When and how to clean your chimney – our five top tips
Lighting a fire on a cold, wintry night is one of the greatest pleasures a home can offer. But you should be aware that with this luxury comes certain responsibilities, including regular maintenance of your chimney.
The risks of fire are real, as is the risk of carbon monoxide poisoning. Chimney fires occur when creosote (a highly combustible residue) ignites. The resulting flames are hotter than those in your fireplace and sparks fly out of the chimney. This brings a huge risk of fire…
Follow our advice for peace of mind while you enjoy your winter blaze.
1. Clean the inside of the fireplace
Not all house fires and chimney fires are caused by poor chimney maintenance. Maintaining the fireplace or the wood-burner is also important, since a large amount of dust, ash and creosote can build up there.
Regular cleaning from inside your home will not only make it look tidier, but above all will ensure more efficient combustion. When cleaning, beware of fine particles and protect your lungs with a dust mask.
2. Watch out for smoke
Smoke in the fireplace is a sign of poor combustion. And smoke in the chimney is a major warning sign. You should arrange to have your chimney cleaned as soon as possible.
The smoke may be due to damp wood, but it can also be caused by the accumulation of soot and creosote in the chimney or even by presence of objects preventing evacuation (debris or a bird’s nest). Pay attention to your chimney if you notice smoke and do not hesitate to have it checked by a chimney sweep.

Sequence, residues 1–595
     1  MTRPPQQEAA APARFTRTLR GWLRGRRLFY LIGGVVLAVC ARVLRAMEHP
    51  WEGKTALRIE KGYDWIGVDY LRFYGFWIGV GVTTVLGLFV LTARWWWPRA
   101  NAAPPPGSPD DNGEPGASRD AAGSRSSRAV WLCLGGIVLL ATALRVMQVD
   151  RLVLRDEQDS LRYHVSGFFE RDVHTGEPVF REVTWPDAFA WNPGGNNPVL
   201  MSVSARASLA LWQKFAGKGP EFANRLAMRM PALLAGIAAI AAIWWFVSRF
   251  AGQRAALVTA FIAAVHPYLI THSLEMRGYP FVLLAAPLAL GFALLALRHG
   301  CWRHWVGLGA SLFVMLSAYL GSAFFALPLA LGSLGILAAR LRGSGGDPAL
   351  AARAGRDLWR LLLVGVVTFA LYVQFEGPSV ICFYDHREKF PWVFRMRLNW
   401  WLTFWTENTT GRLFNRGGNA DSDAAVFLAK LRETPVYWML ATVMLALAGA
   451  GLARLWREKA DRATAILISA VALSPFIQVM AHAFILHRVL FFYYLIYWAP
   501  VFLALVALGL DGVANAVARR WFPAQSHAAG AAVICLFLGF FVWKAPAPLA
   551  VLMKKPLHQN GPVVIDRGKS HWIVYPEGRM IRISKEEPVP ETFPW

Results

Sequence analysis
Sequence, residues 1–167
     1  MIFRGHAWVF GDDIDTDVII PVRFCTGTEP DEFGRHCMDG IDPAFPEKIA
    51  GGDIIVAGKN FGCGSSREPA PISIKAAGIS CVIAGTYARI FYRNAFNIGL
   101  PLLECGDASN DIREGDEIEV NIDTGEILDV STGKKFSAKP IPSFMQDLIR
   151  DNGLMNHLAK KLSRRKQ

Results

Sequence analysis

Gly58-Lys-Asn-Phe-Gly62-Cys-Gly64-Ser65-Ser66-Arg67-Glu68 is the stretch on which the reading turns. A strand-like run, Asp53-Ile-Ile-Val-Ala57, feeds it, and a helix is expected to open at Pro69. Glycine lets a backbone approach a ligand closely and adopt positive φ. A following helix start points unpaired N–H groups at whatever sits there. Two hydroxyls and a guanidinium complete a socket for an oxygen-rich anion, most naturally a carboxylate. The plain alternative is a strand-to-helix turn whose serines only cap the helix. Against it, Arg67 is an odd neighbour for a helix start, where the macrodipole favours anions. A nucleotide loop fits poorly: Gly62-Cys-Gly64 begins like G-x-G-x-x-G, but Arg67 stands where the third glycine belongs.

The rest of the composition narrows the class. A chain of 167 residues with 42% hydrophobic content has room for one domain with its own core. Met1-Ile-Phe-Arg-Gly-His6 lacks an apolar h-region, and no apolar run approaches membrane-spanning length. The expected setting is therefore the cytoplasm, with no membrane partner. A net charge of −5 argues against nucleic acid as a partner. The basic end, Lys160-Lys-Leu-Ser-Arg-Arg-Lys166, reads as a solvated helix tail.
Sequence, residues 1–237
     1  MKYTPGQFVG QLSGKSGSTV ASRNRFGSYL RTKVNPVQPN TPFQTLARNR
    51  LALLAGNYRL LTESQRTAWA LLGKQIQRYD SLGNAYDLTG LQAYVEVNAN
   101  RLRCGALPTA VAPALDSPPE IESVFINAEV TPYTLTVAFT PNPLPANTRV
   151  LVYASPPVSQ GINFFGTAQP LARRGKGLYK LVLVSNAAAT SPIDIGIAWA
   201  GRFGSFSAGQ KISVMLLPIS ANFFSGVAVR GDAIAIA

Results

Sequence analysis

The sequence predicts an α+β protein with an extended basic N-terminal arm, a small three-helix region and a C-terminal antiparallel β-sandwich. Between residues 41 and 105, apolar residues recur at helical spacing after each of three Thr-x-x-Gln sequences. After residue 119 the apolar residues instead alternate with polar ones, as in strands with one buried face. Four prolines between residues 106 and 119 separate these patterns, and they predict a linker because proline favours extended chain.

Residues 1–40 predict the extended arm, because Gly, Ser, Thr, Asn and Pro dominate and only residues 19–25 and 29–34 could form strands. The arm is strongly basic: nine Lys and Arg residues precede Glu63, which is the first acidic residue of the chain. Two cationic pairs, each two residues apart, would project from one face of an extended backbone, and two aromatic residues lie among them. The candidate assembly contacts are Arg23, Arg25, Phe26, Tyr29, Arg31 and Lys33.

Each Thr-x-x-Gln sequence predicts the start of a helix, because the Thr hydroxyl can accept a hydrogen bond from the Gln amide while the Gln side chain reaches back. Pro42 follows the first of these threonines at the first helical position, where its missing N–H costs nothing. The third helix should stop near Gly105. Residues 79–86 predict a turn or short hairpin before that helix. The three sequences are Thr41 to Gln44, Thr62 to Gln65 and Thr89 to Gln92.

3. Watch out for creosote
Creosote is a dark, hard, crusty, flammable substance that forms after incomplete combustion of wood. Wood which has not completely dried and/or is improperly stored usually produces more creosote that dry wood. Weaker fires will also produce more creosote.
Excessive creosote deposits can cause a chimney fire. So if you notice a build-up in the entrance to the flue, quickly call a professional chimney sweep for a thorough cleaning.
4. Watch out for soot
Soot is another by-product of combustion that can be dangerous if not managed correctly. Unlike creosote, soot is more airborne and can spread over a larger area, making it more difficult to clean.
We recommend cleaning soot deposits regularly, especially if they are more than three millimetres deep. A good cleaning once a year should suffice.
5. Is sweeping mandatory in Luxembourg?
In Luxembourg, owners and tenants of houses are required to have their chimneys checked and cleaned at regular intervals.
However, there is no legally binding obligation as in Germany, where individuals must have a certificate issued by an approved chimney sweep. In Luxembourg, sweeping and its frequency depend are firstly down to the user’s sense of responsibility and, secondly, on the conditions imposed by the insurer for validation of home insurance.
Failure to have your chimney swept can have negative consequences on the environment (loss of heat, fuel consumption and CO2 emissions) as well as increasing the risk of chimney fires and house fires.
For the insurer, failure to clean a chimney that results in a fire may be grounds for not compensating the damage caused.
Note to home owners, especially DIYers
Installing a wood-burner is a serious matter and you should hire a professional installer or a heating engineer. The professional will be sure to comply with the manufacturer’s instructions and follow safety instructions in Luxembourg, allowing you to enjoy a warm, efficient and safe home.
And don’t forget to place a carbon monoxide detector near the fireplace.